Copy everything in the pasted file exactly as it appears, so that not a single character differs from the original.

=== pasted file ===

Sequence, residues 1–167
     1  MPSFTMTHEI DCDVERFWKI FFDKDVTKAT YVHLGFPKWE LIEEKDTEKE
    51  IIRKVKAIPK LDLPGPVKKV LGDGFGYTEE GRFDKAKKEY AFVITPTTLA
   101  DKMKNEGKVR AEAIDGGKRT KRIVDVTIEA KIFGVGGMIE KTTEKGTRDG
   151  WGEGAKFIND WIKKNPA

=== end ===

Sequence, residues 1–167
     1  MPSFTMTHEI DCDVERFWKI FFDKDVTKAT YVHLGFPKWE LIEEKDTEKE
    51  IIRKVKAIPK LDLPGPVKKV LGDGFGYTEE GRFDKAKKEY AFVITPTTLA
   101  DKMKNEGKVR AEAIDGGKRT KRIVDVTIEA KIFGVGGMIE KTTEKGTRDG
   151  WGEGAKFIND WIKKNPA